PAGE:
Our history


The teaching of modern physics in the capital began with the Italian unification. Quintino Sella, who wanted “the new Rome” to play the role of scientific as well as political capital, founded the new university, and in 1872, he called Pietro Blaserna to be chair of Experimental Physics. In 1881 the new Institute of Physics was inaugurated in Panisperna Street. The Institute had been built following the project realised by Blaserna himself, and it is in first place in Italy for the modern conception of spaces for research laboratories and teaching.

  Pietro Blaserna

Orso Mario Corbino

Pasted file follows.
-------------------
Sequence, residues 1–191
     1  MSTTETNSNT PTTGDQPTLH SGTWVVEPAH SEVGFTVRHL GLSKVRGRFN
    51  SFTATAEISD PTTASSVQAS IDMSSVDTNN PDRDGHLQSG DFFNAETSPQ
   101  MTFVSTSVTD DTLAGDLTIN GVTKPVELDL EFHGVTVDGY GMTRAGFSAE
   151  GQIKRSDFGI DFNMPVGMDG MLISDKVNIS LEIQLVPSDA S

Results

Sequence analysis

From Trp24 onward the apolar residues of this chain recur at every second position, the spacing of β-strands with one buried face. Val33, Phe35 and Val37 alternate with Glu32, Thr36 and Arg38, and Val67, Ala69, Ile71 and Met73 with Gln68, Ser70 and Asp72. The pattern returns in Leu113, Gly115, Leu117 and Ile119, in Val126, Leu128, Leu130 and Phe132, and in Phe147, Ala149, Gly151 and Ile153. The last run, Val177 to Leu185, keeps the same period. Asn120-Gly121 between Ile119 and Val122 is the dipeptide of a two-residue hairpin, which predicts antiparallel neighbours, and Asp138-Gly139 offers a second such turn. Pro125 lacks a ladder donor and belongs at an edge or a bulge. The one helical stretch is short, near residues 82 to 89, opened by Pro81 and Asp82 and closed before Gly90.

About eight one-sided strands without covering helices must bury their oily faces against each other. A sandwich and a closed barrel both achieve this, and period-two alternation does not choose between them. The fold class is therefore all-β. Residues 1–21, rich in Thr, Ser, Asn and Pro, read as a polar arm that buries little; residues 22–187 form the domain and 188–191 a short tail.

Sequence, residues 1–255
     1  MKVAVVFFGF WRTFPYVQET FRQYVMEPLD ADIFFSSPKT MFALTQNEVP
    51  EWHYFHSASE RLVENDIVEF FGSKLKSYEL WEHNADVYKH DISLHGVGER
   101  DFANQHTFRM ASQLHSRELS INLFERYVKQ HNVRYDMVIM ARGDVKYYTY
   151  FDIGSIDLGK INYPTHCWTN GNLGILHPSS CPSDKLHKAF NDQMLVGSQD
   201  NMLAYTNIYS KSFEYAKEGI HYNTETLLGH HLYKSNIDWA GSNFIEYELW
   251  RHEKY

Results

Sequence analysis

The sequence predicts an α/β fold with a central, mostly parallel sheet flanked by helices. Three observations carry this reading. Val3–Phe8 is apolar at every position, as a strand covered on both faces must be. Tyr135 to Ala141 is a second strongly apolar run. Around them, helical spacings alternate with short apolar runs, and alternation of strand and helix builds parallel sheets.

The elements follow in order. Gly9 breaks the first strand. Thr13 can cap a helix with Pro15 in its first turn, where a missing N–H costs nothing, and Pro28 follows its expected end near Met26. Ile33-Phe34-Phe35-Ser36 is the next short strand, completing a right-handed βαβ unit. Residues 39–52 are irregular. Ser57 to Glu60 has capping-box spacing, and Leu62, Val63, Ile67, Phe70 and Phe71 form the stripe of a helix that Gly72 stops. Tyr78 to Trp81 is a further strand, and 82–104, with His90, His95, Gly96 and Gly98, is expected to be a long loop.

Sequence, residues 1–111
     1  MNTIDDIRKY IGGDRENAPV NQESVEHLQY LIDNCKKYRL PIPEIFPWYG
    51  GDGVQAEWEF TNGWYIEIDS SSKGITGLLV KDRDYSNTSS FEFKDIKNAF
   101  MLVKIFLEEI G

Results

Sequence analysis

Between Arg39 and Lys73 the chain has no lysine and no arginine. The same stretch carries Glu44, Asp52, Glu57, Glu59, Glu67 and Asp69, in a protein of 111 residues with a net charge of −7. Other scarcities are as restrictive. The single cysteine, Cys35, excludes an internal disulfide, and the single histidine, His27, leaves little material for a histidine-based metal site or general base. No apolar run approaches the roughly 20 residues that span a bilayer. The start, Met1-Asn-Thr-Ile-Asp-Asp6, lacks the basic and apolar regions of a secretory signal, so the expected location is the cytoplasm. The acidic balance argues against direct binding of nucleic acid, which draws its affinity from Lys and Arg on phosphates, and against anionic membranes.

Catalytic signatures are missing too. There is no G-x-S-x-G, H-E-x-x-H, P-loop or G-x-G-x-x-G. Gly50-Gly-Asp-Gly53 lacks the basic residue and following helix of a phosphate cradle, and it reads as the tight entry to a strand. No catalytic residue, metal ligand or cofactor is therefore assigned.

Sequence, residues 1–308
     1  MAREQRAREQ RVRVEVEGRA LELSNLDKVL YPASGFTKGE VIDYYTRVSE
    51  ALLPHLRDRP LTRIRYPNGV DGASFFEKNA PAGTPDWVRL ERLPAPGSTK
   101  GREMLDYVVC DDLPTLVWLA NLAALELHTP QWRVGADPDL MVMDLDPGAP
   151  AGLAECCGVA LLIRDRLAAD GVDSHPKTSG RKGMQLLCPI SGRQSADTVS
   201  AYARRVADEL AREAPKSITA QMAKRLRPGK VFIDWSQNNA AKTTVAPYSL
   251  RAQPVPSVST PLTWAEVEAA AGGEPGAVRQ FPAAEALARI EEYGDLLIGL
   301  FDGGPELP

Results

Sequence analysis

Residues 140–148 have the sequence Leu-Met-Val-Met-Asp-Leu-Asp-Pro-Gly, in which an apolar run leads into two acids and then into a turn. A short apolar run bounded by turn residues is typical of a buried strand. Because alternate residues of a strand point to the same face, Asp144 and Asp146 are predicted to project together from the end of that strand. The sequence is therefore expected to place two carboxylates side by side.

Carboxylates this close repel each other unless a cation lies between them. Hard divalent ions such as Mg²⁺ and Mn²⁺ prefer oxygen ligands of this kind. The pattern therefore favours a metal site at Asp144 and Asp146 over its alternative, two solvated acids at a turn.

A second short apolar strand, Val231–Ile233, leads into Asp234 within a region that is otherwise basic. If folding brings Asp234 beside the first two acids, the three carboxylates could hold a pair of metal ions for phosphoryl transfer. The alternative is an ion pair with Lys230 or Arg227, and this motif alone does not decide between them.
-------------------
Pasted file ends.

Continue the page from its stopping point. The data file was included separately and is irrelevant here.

In 1900 Vito Volterra was called to teach Mathematical Physics, and in 1899 the chair of Complementary Physics (which later became Advanced Physics) was established. Alfonso Sella was first called to hold it and then, in 1908, he was replaced by Orso Mario Corbino, who in 1918 succeeded Blaserna in the direction of the Institute. Corbino (appointed Senator of the Italian Kingdom in 1920, and Minister of Education in 1920-1921) played a crucial role in contributing to the development of Physics as a disciplinary sector and in supporting the spread of the "new physics" in Italy. Thanks to him, the first chair of Theoretical Physics in Italy was established. It was won in 1926 by Enrico Fermi, who was then joined in 1930 by Franco Rasetti, holder of the new chair of Spectroscopy. Fermi gathered together the young Edoardo Amaldi, Emilio Segrè, and Ettore Majorana in his group.